In the advisory business, a couple of events typically cause a rush of exhilaration: landing a big new client and hiring a great new talent. While the loss of a client can create the opposite emotion—dejection—the loss of a key colleague has a way of bursting one’s balloon completely, especially when that individual played an important role in your succession plan.
Countless sorry examples reveal business leaders who groomed a successor only to have that person choose to leave the company. The process of transitioning a firm to new leadership is difficult; enacting a successful and sustainable succession plan is the elusive holy grail of firm management.
When I was still a consultant, a mid-sized advisory firm asked for my help on their succession plan. The firm included three founding partners and six partners-in-waiting—or at least that’s what the owners thought. I met with the nine of them together and asked the non-partners, “How many of you would like to be an owner of this firm?” Not one of them said yes. Imagine the shock of the three original partners! When I probed further, the six explained that they enjoyed their current work-life balance, they did not relish the risk of being a partner and they did not have any ambition to take on that role.
While their thoughtful reasoning differs from an outright defection, it reflects the mindset of many key employees in an entrepreneurial environment. Your valuable employees may view their work as a job, while you view it as a career. As a result, whether voluntarily or involuntarily, your firm will experience turnover. This fallout is the flotsam and jetsam of business life. Seasoned managers have seen many one-time employees float by in different careers and with different companies. The coming and going of employees and partners is as natural as the sun rising and setting.
As a firm leader, you must discover which employees have a strong commitment to both the firm’s mission and their own progression so that you can invest in them with the expectation of getting a return. Your next challenge is to identify those who can deal with ambiguity, who can perform regardless of pressure and who can stay focused in the face of distractions so that you don’t find yourself pouring your wisdom, time, money and energy down a rat hole.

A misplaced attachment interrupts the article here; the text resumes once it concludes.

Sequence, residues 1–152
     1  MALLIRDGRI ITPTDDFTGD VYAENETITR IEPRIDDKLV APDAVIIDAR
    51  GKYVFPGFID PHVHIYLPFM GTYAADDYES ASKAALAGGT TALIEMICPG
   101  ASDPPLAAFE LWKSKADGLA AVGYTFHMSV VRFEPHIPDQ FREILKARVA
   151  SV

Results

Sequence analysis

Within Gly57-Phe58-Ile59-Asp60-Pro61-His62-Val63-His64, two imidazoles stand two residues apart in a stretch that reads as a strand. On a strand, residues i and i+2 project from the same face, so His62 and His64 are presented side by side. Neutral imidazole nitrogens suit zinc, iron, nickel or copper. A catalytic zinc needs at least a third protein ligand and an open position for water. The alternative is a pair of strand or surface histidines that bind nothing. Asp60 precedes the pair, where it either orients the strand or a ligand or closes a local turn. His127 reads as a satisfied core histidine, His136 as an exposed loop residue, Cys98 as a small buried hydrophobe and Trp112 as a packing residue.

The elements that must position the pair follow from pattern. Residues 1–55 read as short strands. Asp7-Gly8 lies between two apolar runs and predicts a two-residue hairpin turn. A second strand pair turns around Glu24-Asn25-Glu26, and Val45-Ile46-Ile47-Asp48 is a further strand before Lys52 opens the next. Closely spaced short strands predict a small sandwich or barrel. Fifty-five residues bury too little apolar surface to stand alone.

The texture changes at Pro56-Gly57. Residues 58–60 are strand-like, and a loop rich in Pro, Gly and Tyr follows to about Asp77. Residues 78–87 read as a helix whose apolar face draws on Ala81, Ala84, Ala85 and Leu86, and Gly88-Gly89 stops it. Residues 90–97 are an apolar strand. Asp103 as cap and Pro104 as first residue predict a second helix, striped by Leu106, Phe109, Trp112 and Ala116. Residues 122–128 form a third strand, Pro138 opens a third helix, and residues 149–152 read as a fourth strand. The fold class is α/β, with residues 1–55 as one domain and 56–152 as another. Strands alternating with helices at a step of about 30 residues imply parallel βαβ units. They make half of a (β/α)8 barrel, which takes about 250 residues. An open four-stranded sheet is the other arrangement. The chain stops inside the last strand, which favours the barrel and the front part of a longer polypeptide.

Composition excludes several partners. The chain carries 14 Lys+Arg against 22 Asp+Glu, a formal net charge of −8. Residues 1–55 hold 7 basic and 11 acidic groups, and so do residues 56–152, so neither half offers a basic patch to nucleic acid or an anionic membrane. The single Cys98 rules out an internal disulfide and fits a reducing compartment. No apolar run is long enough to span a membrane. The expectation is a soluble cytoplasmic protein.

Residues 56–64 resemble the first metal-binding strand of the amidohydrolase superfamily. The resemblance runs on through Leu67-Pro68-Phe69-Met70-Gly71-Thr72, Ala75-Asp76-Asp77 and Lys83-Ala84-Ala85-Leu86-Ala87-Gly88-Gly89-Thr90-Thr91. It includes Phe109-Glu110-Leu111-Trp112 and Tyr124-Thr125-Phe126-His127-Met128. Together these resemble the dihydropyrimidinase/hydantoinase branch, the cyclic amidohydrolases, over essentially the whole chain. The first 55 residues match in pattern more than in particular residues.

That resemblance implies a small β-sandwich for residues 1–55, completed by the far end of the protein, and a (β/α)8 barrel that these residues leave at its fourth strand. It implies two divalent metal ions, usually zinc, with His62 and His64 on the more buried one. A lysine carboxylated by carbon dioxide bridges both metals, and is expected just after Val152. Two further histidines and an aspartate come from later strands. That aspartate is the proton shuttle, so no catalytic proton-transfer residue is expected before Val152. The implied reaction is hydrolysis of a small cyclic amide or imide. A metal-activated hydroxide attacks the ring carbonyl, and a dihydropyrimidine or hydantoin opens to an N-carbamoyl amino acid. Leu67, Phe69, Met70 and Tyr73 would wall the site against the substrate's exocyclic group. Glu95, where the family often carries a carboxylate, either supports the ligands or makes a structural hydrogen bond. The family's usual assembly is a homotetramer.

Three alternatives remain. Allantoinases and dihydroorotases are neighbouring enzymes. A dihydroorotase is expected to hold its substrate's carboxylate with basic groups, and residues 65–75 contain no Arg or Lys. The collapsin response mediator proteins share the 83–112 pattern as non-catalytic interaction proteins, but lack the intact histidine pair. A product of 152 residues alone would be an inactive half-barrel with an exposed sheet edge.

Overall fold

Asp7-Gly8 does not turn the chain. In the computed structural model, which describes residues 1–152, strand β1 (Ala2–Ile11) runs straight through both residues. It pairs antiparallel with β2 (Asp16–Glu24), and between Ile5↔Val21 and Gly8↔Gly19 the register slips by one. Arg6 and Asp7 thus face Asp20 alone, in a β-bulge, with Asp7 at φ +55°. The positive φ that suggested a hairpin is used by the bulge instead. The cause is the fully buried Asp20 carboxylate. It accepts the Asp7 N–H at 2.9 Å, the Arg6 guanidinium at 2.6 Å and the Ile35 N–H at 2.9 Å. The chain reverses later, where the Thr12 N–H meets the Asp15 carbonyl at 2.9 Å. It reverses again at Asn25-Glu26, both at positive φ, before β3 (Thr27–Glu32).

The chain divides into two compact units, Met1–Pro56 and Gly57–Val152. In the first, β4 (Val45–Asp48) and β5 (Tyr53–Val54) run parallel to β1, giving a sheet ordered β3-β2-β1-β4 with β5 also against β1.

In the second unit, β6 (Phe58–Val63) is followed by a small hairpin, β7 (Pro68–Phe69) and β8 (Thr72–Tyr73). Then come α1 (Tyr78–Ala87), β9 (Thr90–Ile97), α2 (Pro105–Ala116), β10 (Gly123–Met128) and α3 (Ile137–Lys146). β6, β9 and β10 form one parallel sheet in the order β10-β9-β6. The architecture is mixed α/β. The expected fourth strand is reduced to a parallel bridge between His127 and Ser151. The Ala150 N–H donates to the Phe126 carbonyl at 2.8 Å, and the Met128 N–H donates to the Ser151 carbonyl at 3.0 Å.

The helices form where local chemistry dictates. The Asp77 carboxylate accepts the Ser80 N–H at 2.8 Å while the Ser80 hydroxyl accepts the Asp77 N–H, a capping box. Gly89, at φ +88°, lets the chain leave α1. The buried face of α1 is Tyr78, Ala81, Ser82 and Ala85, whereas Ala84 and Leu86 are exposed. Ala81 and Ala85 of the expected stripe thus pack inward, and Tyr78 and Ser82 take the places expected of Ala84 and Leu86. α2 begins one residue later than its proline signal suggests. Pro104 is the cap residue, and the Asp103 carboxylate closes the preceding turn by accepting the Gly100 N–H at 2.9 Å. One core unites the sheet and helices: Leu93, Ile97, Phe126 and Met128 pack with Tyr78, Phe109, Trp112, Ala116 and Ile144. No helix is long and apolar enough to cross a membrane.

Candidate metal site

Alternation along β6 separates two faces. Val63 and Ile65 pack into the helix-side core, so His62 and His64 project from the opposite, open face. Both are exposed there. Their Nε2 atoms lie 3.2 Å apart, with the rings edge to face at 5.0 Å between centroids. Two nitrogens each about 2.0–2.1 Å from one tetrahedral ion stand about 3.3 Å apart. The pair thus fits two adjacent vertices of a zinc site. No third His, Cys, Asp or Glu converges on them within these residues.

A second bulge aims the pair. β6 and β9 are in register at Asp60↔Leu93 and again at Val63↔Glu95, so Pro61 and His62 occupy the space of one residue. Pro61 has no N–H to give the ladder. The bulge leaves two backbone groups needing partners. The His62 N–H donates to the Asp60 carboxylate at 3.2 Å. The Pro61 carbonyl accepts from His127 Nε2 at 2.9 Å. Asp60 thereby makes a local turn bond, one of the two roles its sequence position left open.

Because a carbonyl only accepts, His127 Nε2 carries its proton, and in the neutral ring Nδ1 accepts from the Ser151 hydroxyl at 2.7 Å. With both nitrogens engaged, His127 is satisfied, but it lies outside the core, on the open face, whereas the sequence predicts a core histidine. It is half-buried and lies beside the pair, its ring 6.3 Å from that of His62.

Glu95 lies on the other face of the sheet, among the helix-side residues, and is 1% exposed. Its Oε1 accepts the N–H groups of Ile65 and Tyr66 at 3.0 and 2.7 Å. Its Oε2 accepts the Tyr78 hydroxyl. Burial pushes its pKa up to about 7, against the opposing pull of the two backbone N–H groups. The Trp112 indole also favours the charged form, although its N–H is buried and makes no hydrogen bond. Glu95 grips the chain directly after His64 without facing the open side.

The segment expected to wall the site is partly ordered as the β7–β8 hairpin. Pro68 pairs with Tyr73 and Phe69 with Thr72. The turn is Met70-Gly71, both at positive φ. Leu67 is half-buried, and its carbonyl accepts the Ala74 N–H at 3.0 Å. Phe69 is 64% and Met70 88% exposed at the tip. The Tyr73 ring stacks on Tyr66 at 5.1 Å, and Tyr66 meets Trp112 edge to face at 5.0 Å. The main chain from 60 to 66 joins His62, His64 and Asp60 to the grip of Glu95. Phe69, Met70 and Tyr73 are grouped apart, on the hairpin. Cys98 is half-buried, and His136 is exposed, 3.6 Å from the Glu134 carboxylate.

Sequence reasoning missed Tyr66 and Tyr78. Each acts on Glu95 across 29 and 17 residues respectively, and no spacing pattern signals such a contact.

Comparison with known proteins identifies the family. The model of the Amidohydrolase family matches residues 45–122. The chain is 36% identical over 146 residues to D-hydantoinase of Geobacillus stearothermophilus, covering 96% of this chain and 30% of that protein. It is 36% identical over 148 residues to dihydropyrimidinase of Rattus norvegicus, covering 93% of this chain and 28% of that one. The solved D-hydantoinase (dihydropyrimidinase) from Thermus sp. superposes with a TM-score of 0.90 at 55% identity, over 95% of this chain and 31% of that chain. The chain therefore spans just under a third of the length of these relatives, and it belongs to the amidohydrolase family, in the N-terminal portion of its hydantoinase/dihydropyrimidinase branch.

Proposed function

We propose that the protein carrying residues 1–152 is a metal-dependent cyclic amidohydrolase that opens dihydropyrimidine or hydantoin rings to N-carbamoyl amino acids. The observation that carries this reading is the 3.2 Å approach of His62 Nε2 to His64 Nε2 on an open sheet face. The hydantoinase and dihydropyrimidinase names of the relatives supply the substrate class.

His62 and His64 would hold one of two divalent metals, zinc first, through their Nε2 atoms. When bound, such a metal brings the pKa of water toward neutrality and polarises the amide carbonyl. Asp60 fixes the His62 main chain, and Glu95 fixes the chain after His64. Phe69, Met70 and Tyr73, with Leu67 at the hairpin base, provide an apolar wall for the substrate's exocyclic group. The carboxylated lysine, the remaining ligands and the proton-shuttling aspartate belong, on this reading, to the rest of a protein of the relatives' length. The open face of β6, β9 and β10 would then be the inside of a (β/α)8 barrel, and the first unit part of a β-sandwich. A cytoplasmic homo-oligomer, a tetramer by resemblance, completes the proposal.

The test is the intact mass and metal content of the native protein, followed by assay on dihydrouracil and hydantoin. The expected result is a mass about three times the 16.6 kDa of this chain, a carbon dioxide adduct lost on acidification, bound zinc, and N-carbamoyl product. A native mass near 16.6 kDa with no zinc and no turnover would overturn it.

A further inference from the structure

The task of attracting and keeping good people can seem like a chemistry experiment, often risky and with unknown results. Chemistry involves the study of matter and energy and the interactions between them. Matter is anything that has mass and takes up space—in this case, talent. Energy is power translated into motion, overcoming resistance or effecting change—in this case, the ability to work effectively. Understanding how these two elements interact to produce dynamic growth (for the individual and for the firm) will help you become a more effective human capital manager.
People join companies for many different reasons but seem to leave their jobs for just a few: culture, mismanagement, pay or a true desire to do something else somewhere else. This is where the chemistry comes in. For years now, I have preached the belief that if you provide each employee with a compelling future, opportunities for growth, a positive environment and a fair reward, you will ensure your legacy through the individuals you hire. For the most part, these four ingredients are under your control as firm leader.
The elements outside of your control reside within each individual employee. It’s hard to know if they feel suited to the job or if they feel appreciated and valued, even when you think you are going out of your way to acknowledge them. It’s also hard to know about family pressures such as marital discord, struggling children or anxiety over personal finances.